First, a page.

Deep inside there had been a decided fear that all was not well with the three couples. Poor Addy Morrow being wed to Mr. Drake who deeply disapproved of her vivid spirit. Beatrice Chaswell who Humbly feared was being wed for her large fortune. And Victoria Mallory who had been unexpectedly compromised and forced into marriage with a complete stranger. Three marriages that had been chosen for reasons other than love. Hoping to clear his muddled thoughts, Humbly left his desk and slipped through the open door to the garden beyond. There were few things more delightful than Surrey in April, he decided as he carefully bent down to weed around his beloved roses. Rare sunlight dappled the countryside, warming the soft breeze that was liberally laced with the scent of wild flowers. Butterflies danced in twirling patterns, while newborn foals awkwardly stretched their legs in a nearby pasture.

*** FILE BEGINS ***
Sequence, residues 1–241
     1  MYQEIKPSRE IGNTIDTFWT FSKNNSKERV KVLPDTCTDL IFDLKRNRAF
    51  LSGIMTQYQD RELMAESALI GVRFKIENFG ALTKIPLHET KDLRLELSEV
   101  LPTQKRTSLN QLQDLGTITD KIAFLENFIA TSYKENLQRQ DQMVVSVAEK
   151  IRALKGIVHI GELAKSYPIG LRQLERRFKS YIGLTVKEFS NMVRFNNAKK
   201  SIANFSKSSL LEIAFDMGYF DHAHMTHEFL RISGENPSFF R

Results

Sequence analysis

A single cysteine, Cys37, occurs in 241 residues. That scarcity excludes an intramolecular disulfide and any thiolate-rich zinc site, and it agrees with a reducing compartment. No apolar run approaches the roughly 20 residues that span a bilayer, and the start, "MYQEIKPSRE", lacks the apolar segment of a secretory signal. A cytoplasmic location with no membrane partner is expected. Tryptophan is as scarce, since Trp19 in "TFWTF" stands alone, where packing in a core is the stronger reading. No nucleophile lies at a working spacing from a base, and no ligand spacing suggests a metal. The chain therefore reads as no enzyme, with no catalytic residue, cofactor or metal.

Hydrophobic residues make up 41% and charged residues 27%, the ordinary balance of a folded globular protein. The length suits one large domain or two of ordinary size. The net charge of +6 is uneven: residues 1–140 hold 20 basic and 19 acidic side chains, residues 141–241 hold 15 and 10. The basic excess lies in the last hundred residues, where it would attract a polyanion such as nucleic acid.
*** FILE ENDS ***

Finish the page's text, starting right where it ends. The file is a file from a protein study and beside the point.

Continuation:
Even the distinctly shabby Vicarage with its worn red bricks and slate roof acquired a mellow beauty in the golden glow. It was a day to appreciate one’s blessings, Humbly tried to tell himself. And he had a great deal to appreciate. A rich, full life in service of God. Remarkable health for a gentleman staring sixty directly in the eye. And dear friends that often filled the Vicarage. And, of course, he would soon be leaving his duties to retire to a lovely cottage only a few miles away. At long last he would have ample time to devote to his garden and the freedom to indulge his fancy for titillating novels that he had always adored, but that had never seemed quite proper for a Vicar to read. Yes, he should be in a joyous mood, he acknowledged with a faint sigh. But instead he found his thoughts dwelling upon those disturbing letters.